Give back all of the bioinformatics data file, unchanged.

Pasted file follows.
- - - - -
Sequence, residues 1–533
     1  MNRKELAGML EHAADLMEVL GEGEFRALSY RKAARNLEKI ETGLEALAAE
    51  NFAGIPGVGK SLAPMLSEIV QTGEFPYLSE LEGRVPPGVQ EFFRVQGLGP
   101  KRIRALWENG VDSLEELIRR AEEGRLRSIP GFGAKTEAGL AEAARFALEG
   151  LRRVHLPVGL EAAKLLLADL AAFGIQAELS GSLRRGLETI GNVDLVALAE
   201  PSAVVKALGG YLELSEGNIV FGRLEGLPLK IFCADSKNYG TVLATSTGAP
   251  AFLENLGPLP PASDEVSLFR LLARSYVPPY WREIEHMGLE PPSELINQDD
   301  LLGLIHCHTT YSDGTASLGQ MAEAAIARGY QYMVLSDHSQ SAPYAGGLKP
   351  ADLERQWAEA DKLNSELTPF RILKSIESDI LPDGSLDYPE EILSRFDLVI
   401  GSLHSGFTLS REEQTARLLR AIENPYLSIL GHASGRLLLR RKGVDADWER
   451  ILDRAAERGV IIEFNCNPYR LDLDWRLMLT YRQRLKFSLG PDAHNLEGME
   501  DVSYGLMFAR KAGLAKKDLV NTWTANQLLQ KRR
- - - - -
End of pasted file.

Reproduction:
Sequence, residues 1–533
     1  MNRKELAGML EHAADLMEVL GEGEFRALSY RKAARNLEKI ETGLEALAAE
    51  NFAGIPGVGK SLAPMLSEIV QTGEFPYLSE LEGRVPPGVQ EFFRVQGLGP
   101  KRIRALWENG VDSLEELIRR AEEGRLRSIP GFGAKTEAGL AEAARFALEG
   151  LRRVHLPVGL EAAKLLLADL AAFGIQAELS GSLRRGLETI GNVDLVALAE
   201  PSAVVKALGG YLELSEGNIV FGRLEGLPLK IFCADSKNYG TVLATSTGAP
   251  AFLENLGPLP PASDEVSLFR LLARSYVPPY WREIEHMGLE PPSELINQDD
   301  LLGLIHCHTT YSDGTASLGQ MAEAAIARGY QYMVLSDHSQ SAPYAGGLKP
   351  ADLERQWAEA DKLNSELTPF RILKSIESDI LPDGSLDYPE EILSRFDLVI
   401  GSLHSGFTLS REEQTARLLR AIENPYLSIL GHASGRLLLR RKGVDADWER
   451  ILDRAAERGV IIEFNCNPYR LDLDWRLMLT YRQRLKFSLG PDAHNLEGME
   501  DVSYGLMFAR KAGLAKKDLV NTWTANQLLQ KRR